Let’s begin with a multiple choice question. Tyler Ulis is one of 10 finalists for the Bob Cousy Award:
Despite being 5-foot-9 and 160 pounds?
Because he’s 5-foot-9 and 160 pounds?
For reasons that have nothing to do with being 5-foot-9 and 160 pounds?
The search for the answer involved a call to Bob Cousy, the Hall of Famer for whom the award that goes to college basketball’s best point guard is named.
The Cooz, who played for the Boston Celtics, was basketball’s consummate point guard in the 1950s and early 1960s. At 87, he doesn’t follow basketball, pro or college, closely. Alas, he had not seen Ulis play. But Cousy knows what it takes to be a top point guard, and what is irrelevant.
“Despite the fact that basketball over the years is associated with tall people, for obvious reasons, I’ve always said that size is not what separates the men from the boys,” he said. “It’s speed and quickness.”
Of course, size is an asset when coupled with speed and quickness. Cousy cited Magic Johnson, a 6-9 point guard who could look over defenses. This is not so much an advantage, Cousy said, as “just an option you don’t have if you’re 5-9.”
In judging point guards, Cousy looks at speed and quickness. But those are not the only factors that separate the men from the boys.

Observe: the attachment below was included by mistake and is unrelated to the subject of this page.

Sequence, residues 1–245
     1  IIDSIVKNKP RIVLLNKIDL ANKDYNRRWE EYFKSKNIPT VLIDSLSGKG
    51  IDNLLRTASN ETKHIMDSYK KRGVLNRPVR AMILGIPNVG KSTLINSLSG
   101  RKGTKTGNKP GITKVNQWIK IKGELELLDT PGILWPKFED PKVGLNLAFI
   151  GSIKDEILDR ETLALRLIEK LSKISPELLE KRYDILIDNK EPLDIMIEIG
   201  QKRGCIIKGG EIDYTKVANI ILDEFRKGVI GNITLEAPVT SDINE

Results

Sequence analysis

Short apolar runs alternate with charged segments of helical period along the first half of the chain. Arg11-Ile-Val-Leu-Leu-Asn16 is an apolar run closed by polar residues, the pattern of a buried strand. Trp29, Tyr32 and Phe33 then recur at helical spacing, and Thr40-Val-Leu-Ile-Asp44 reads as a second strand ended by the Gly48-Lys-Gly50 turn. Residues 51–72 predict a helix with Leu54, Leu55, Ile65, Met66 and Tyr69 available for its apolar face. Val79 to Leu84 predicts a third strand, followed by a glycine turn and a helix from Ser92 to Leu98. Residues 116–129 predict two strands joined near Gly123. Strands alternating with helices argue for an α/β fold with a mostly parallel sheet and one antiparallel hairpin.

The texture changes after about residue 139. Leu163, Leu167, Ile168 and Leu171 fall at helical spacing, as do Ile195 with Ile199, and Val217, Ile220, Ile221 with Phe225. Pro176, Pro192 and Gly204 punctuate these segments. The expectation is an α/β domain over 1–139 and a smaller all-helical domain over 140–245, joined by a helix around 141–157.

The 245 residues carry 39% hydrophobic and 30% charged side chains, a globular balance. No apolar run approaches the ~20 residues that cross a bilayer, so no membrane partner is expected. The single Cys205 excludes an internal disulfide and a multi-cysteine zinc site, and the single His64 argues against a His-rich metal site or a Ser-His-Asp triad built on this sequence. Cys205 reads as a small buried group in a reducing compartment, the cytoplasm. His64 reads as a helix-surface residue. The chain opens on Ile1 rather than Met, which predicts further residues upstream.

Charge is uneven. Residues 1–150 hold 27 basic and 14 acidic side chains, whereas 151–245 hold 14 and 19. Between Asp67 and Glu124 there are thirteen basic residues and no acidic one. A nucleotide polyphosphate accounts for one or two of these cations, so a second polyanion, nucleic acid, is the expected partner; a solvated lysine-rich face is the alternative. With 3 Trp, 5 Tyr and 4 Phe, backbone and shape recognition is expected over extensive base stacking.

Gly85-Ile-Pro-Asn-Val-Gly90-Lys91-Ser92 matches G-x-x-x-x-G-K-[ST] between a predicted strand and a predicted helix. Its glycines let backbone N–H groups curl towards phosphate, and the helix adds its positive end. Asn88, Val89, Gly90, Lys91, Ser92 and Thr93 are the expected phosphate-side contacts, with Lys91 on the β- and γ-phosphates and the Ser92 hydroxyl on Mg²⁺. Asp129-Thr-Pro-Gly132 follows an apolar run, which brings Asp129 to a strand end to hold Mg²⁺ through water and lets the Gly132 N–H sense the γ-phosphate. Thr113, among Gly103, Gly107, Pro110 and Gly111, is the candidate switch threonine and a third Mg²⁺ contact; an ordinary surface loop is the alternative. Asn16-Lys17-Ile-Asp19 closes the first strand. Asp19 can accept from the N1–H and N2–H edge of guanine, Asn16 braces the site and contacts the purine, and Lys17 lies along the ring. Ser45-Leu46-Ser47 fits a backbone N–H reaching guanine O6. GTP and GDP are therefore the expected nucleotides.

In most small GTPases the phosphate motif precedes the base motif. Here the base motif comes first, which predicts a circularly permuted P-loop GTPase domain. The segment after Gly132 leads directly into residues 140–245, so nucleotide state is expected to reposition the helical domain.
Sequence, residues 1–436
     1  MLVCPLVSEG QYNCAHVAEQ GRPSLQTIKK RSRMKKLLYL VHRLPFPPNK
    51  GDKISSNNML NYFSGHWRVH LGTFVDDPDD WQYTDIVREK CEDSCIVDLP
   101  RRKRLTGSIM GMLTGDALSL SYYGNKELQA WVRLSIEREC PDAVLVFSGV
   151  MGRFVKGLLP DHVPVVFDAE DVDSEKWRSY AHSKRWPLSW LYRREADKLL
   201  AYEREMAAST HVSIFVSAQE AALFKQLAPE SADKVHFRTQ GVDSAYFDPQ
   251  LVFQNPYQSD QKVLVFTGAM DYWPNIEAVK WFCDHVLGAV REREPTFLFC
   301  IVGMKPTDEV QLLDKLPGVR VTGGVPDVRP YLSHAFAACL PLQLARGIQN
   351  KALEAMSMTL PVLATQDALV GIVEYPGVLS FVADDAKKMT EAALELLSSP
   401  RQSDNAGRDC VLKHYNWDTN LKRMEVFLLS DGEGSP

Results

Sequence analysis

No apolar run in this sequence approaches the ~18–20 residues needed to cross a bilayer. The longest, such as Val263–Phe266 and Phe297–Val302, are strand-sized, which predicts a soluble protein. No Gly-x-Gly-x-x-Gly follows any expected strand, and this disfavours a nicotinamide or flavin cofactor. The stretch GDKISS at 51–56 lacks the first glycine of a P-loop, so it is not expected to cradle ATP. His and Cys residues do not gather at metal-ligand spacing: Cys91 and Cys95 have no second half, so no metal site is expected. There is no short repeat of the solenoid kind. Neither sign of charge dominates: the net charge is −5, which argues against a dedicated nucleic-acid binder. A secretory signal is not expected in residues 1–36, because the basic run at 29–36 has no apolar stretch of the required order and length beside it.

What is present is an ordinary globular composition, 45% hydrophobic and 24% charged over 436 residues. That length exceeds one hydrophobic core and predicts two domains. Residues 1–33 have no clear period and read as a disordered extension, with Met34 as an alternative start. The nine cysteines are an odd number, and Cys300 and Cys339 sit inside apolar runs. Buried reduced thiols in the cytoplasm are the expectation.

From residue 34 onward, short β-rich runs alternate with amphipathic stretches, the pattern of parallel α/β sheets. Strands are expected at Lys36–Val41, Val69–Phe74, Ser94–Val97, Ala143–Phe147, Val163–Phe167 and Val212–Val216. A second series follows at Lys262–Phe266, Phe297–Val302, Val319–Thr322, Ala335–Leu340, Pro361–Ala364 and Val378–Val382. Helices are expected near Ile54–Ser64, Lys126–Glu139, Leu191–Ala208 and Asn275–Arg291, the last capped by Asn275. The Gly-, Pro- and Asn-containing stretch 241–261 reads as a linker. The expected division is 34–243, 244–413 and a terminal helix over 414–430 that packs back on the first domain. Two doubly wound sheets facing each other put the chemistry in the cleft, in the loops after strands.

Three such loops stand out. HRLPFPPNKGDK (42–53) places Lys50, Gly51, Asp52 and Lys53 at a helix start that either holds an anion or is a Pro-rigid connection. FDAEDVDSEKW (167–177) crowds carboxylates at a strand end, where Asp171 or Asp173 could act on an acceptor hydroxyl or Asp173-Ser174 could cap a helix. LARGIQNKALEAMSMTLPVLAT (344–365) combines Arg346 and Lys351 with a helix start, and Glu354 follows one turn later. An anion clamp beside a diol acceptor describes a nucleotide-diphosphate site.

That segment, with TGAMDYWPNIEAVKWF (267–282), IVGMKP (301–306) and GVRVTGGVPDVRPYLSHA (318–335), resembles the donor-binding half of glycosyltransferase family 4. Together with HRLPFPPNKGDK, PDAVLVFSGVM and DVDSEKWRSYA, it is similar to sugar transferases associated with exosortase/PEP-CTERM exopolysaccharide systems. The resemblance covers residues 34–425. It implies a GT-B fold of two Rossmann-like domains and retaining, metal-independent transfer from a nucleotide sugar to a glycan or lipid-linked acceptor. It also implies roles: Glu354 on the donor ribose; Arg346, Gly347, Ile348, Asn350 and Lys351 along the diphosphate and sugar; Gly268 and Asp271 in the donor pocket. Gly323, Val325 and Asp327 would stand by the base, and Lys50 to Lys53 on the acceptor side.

“Creativity,” Cousy said. “Imagination. How he sees the floor.”
When asked if this creativity and imagination can be instilled in a player, Cousy answered quickly.
“I don’t think so,” he said. “I think it’s pretty innate. I think it is instinctive.”
No one disputes Ulis’ ability to make plays and improvise. After last weekend’s game, Kansas Coach Bill Self said the Jayhawks hoped to take their chances by leaving Ulis relatively free on the perimeter to shoot three-pointers.
“Because he’s got the best in-between game of anybody around,” Self said.
As the Kansas coach saw it, his team’s lack of a rim protector created greater opportunity for Ulis to penetrate the defense and then create for others and himself.
“He creates three feet of separation, it’s money,” Self said. “He’s as good as we’ve played against. He was great.”
It seems logical that Ulis’ lack of size would put doubt in his teammates’ minds, at least initially, that he could take a prominent role. Not so, Marcus Lee said.